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Temples & Legends of Bengal
Index Of Bengal Kulapati's Preface
Preface Author
The Kalighat Temple of Calcutta Ram Krishna Mission Temples
The Temples in Burdwan The Temples in Hooghly
The Temples in Twenty four Parganas The Temples in Midnapore
The Temples in Birbhum Ektesvara - Siva Temple
The Temples In Bankura Jain Temples In Purulia
Kapilmuni Temple at Sagar Island A Chinese Temple
The Tibetan Temple At Bhotbagan Kiriteswari   Temple
Bhattamati Temple  
Major Sections
Temples & Legends Of India
Andhrapradesh
Maharastra
Kerala
Himachal Pradesh
Tamilnadu

Bengal

Assam
Bihar
Somanatha

THE TEMPLES IN HOOGHLY

TRIVENI

Triveni is usually called Muktaveni (open braided) to distinguish it from Prayag (Allahabad) which is called Yuktaveni (joint-braided). From here three streams branch out, the Bhagirathi flowing to the south, the Saraswati to the west and Jamuna or Kanchrapara khal to the east. The sanctity of the place has been recognized for many centuries and has been mentioned in Pavana-Dutam, a Sanskrit piece of the last quarter of the 12th century.  Triveni appears to have passed into the hands of the Oriya king, Mukunda Hari Chandan in the middle of the 16th century and the broad flight of steps on the river and Jamai Jangal, a high embankment stretching from Triveni to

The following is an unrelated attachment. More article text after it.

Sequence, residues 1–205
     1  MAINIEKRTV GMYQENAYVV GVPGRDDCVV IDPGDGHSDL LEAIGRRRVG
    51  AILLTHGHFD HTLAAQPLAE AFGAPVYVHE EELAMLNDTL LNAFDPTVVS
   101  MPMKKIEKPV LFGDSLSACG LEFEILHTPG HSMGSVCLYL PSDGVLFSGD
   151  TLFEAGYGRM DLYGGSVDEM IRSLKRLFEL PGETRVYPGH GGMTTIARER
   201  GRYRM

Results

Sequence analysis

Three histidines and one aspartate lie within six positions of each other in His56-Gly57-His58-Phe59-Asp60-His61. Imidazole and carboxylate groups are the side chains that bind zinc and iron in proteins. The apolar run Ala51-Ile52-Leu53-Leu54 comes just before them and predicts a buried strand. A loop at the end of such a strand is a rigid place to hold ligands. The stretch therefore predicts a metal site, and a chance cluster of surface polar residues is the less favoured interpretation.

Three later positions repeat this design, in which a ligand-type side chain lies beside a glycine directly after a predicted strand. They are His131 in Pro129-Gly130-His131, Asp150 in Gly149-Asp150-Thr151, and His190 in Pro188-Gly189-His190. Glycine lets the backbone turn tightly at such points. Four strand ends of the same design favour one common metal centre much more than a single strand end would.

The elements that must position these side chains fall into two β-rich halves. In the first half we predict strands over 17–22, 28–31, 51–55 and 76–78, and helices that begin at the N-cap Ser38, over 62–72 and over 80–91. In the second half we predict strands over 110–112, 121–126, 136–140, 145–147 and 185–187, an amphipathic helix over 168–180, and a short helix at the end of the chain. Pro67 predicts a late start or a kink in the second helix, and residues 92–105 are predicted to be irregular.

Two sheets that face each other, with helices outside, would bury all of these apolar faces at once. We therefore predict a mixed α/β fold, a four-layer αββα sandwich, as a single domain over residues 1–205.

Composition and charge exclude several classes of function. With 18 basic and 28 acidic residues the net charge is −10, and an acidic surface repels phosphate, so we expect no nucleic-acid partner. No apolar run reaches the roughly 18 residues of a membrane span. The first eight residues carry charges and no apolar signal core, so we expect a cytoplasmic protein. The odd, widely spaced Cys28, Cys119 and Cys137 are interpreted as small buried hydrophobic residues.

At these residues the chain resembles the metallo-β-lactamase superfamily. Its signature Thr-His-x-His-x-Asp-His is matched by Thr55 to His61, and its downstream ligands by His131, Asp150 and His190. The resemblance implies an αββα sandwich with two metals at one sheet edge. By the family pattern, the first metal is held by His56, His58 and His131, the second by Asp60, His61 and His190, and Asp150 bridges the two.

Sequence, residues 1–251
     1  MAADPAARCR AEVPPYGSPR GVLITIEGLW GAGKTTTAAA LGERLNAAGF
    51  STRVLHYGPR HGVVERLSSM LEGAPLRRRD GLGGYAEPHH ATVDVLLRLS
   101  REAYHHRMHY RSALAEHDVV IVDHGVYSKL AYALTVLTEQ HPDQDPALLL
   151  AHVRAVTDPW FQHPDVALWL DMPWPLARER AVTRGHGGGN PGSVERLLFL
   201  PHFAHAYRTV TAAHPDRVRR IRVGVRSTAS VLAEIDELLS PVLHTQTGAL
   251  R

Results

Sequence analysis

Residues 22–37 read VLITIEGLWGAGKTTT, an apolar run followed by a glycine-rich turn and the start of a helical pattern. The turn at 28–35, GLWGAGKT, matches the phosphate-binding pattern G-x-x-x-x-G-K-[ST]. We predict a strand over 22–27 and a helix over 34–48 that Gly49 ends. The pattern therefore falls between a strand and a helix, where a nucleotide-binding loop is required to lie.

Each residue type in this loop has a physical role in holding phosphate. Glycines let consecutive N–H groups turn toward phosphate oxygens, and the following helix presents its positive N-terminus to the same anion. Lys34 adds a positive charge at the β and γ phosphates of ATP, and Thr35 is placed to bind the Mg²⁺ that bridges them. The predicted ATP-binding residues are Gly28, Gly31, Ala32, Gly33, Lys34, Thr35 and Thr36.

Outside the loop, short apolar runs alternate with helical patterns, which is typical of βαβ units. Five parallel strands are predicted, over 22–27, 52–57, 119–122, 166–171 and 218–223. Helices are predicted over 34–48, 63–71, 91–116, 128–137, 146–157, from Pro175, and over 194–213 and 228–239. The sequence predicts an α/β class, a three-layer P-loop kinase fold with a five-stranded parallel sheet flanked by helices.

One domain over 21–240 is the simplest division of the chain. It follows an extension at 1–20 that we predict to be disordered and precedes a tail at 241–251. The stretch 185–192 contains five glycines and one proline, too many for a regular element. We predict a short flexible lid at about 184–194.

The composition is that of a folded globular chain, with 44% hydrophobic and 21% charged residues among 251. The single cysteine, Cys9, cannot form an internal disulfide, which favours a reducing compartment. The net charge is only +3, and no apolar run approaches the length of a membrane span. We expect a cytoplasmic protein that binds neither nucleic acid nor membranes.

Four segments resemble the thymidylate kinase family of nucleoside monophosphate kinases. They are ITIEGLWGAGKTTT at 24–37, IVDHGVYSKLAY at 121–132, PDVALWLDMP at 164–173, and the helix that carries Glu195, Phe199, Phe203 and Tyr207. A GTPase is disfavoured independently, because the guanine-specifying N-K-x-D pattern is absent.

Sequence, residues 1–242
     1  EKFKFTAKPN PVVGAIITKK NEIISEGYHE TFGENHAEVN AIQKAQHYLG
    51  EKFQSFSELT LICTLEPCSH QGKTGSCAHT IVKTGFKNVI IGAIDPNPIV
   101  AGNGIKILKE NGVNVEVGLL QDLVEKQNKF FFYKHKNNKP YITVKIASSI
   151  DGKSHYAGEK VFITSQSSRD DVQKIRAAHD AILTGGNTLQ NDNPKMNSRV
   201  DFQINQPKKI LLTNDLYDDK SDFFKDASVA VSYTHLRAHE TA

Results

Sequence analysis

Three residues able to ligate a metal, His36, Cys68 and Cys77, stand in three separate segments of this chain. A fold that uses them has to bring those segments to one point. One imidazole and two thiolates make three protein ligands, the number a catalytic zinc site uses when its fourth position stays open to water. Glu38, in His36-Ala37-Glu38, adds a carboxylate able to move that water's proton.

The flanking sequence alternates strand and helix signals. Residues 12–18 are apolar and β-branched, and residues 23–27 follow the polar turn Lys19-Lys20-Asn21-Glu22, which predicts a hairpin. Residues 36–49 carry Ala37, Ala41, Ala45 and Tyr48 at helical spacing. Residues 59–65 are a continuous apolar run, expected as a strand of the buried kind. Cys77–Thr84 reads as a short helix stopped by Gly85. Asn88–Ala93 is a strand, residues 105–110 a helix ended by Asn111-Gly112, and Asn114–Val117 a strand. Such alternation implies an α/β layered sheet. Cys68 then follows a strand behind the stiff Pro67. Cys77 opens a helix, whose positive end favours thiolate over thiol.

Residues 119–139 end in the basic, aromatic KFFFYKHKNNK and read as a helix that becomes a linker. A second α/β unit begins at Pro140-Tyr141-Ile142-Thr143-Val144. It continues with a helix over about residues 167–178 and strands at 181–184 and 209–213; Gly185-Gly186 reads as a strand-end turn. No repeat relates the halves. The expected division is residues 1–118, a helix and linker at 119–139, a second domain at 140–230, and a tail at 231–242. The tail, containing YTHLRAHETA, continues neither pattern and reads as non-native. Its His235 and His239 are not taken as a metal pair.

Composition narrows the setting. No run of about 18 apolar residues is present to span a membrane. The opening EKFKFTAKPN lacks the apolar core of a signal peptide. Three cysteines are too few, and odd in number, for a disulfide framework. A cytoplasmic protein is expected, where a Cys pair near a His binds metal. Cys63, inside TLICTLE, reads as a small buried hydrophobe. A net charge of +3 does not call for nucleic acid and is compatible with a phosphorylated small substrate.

Mahanad are attributed to the Oriyas.

The early European commercial people referred to the place as Trippany or Trevinny or Terbonee. The place had several famous Sanskrit Tols. Pandit Jagannath Tarka Panchanan, the tutor of Sir William Jones and a compiler of a digest of Hindu laws, was one of its distinguished scholars. It is, however, unfortunate that the existing Hindu remains are very few. It consists of two flights of steps side by side leading into the river bed and a group of seven small temples, 50 yards from the river of which the central one has a tower about 30' high and 12' square with a lingam inside.

A particular mention has to be made regarding the relies associated with Jafar Khan Gaji at Triveni. The remains are in the words of Sri Jadu Nath Sarkar "a museum of Muslim Epigraphy". The relics are also grand specimens of Hindu sculpture as is clear that many remains of even Hindu temples were utilized . According  to tradition Jafar Khan came to believe in the worship of Mother Ganga and had actually composed some Stotras in praise of Mother Ganga. Even today Hindus worship the memory of Jafar Khan. The alluvial soil of Bengal brought here a confluence of the two religious creeds, Hindu and Muslim.

Triveni is now more famous for the melas already referred to.

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Temples & Legends Of Bengal.
About Temples In Hooghly
Introduction
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